Not only did the defendant exceed his lawful powers in suppressing the publications, but the methods he employed in censoring the books were arbitrary and unreasonable. This is not to impugn the defendant's sincerity of purpose or his praiseworthy ambition to suppress lewd and indecent literature. But a Chief of Police, like all other public officials, must act within the scope of his express and implied powers under the law. So important is the principle it expresses that it never becomes trite to say "Ours is a government of laws and not of men." It is the duty of courts to protect the integrity of this principle. The judicial office has no higher function to serve than the restraint of official arbitrariness. Arbitrary power inspired by good motives, no less than that animated by evil intent, is an attack upon the supremacy of the law. It is of the utmost importance to prevent the distribution of all forms of lewd and indecent literature with its demoralizing effect upon the young. It is vital in the interest of public morality that the laws against obscenity be vigorously enforced. But if a free society is to endure, its primary obligation is to protect its "government of laws" from all intrusions of arbitrary power.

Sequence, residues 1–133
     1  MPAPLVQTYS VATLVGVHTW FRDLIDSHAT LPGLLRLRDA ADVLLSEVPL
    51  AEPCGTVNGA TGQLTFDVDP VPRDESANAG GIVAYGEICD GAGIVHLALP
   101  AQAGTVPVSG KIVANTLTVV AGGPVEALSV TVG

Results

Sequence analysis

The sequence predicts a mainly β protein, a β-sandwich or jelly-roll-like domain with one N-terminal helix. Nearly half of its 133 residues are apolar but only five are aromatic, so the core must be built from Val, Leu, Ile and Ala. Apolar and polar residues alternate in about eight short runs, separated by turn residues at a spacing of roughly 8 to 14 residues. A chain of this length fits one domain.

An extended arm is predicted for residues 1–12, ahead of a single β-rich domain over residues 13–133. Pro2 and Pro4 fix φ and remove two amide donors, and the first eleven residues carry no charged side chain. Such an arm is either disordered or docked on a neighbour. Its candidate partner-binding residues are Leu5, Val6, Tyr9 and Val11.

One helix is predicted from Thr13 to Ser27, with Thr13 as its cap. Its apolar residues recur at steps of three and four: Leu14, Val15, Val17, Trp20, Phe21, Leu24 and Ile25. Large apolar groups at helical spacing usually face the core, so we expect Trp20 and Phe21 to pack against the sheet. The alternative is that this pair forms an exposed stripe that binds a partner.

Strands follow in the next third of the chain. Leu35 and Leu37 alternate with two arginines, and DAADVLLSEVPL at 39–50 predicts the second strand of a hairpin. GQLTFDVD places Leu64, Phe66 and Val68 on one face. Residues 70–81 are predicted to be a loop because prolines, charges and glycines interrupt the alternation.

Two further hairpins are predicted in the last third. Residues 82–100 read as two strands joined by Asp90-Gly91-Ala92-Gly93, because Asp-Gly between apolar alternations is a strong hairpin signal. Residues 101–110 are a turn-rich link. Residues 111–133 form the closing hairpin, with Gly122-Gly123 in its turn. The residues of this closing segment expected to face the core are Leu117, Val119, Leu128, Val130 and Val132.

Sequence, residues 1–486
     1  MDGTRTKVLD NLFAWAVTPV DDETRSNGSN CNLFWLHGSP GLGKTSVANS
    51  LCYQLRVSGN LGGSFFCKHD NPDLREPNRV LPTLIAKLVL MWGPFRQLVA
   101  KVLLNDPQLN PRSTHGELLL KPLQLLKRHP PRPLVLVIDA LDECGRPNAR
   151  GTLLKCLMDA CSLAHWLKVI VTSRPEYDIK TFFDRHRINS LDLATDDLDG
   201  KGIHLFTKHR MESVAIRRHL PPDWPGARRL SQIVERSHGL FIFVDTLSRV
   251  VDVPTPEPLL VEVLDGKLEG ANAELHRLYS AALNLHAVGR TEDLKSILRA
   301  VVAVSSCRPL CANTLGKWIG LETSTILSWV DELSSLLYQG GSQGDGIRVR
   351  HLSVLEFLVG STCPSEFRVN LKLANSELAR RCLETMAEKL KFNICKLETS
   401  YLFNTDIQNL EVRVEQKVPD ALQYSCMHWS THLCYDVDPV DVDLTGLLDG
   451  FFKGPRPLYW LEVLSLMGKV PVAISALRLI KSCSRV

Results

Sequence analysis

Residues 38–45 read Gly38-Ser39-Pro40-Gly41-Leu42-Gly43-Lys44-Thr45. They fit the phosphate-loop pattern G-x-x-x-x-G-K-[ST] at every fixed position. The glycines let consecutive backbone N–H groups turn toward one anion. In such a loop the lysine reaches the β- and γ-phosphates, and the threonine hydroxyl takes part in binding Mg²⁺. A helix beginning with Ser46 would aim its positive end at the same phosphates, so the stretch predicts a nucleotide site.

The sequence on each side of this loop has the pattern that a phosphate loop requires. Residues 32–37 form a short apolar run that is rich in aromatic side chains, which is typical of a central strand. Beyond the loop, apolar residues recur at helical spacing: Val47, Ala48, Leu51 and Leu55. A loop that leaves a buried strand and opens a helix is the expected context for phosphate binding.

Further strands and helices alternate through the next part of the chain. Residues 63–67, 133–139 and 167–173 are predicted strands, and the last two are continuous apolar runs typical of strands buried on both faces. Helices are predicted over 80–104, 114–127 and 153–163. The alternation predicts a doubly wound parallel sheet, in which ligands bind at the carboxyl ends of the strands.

Defendant seeks to justify his censorship of books by claiming that this was done pursuant to an agreement with Bloch. I find no evidence of such an agreement. Bloch acted under duress, and he repeatedly told Allen that only a court could determine whether a book was obscene or immoral. Nor is there any merit to the argument that plaintiff is estopped. On the only occasion when representatives of the publishers dealt with the defendant they protested his action as being illegal. There is no basis for the claim of estoppel.